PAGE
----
WRSI’s 40th anniversary festival brings locally beloved music, food to Unity Park

  • Annakalmia Traver of the band Rubblebucket plays the saxophone on stage at WRSI’s 40th anniversary festival at Unity Park in Turners Falls on Sunday. Staff Photo/Paul Franz

  • Rubblebucket plays WRSI’s 40th anniversary festival at Unity Park in Turners Falls on Sunday. Staff Photo/Paul Franz

  • WRSI personality Christopher “Monte” Belmonte dressed up to introduce Rubblebucket at WRSI’s 40th anniversary festival at Unity Park in Turners Falls on Sunday. Staff Photo/Paul Franz

  • Winterpills plays at WRSI’s 40th anniversary festival at Unity Park in Turners Falls on Sunday afternoon. Staff Photo/Paul Franz

  • Rubblebucket plays at WRSI’s 40th anniversary festival at Unity Park in Turners Falls on Sunday. Staff Photo/Paul Franz

  • Rubblebucket plays at WRSI’s 40th anniversary festival at Unity Park in Turners Falls on Sunday. Staff Photo/Paul Franz

Staff Writer
Published: 8/1/2021 6:09:02 PM

TURNERS FALLS — Unity Park lived up to its name on Sunday when WRSI 93.9 The River’s 40-year anniversary celebration brought locals together under the greatly missed canopy of live music.

Meshing national-level prestige with popular regional talent, the local radio station partnered with the Shea Theater Arts Center and a series of local sponsors to bring sound and small businesses canalside. Moving and grooving bodies of all ages crowded the lawn, some bobbing their heads while seated with family members and others stomping their feet at the front of the stage. Organizers and attendees alike hope the celebration is a preview of festivities to come to the village.

Music lovers from several different towns congregated to hear Rubblebucket, And The Kids, and Winterpills perform. Montague Police Sgt. Josh Hoffman estimated at around 3:30 p.m. (an hour after live music began) that about 1,000 people were present.

“It’s good to bring in people from outside of town,” Hoffman said. “It really helps the town and the businesses. It’s awesome.”

“This is super good for the community,” said Scott Kuzmeskus, an attendee who has organized Greenfield’s Freedom Fest and Turners Falls’ Pumpkinfest, now called the Great Falls Festival. “There’s not a lot that happens in Turners Falls.”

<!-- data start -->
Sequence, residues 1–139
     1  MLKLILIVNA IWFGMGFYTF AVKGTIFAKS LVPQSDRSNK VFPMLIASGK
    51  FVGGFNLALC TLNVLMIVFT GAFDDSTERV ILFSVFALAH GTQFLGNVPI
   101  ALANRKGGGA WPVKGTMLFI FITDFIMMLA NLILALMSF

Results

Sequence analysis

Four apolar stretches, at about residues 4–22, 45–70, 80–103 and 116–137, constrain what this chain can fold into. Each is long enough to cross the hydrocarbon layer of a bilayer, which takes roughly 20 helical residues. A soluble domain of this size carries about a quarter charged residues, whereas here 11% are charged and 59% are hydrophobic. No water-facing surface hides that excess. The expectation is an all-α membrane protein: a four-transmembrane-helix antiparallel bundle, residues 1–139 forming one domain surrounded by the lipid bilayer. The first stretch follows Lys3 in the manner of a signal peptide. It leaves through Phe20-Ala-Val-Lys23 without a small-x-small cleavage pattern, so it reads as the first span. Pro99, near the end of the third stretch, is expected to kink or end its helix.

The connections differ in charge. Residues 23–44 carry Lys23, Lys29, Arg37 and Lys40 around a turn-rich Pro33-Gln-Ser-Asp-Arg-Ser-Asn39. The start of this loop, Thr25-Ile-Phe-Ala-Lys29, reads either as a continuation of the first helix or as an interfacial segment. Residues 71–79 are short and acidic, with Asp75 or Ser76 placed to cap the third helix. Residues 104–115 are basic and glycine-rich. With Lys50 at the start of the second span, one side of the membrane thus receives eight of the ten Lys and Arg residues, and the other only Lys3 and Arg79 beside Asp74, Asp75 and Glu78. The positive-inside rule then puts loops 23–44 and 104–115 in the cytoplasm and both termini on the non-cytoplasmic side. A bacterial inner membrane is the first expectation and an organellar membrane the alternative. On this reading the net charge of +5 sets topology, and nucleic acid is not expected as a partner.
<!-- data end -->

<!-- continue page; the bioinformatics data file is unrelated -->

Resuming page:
Vinny Natalo, an attendee who has a long history with both Unity Park and the festival’s performers, said his appreciation for the park’s breath of life was deep-rooted.

“I played softball here for decades, so I have an emotional connection to this place,” Natalo said. “Nothing beats the outdoors, right? Being where you want to be.”

Even some who are less familiar with Turners Falls say they can sense magic within the town.

“We are so appreciative of the wealth of different types of music and cultures in this area,” said Gretchen Plotkin, who came from Amherst with her husband, Joel, to attend the festival.

It’s this acknowledgement of the town’s artistic and celebration-hosting potential that has some thinking that people could be doing even more to capitalize.

“(Unity Park needs) some kind of regular music,” Joel Plotkin said, “so that people know that this is the place to go on a Wednesday or Thursday night. It wouldn’t need to have this degree of infrastructure.”

“People need to be more involved,” Kuzmeskus said. “This is fun. People need to do this.”

For now, though, those in attendance made it clear that they were happy to have WRSI give back to the community that appreciates them with the free festival.

“How grateful we’ve been to have The River to listen to for many, many years,” Plotkin said. “It’s one of the speed dials on our car radio.”

Christopher “Monte” Belmonte, the station’s morning show host and Shea Theater president, said the station is proud to be a community staple that has served Turners Falls for so long.

“We hope to do more things at Unity Park,” Belmonte said.

Reach Julian Mendoza at 413-772-0261, ext. 261 or jmendoza@recorder.com.




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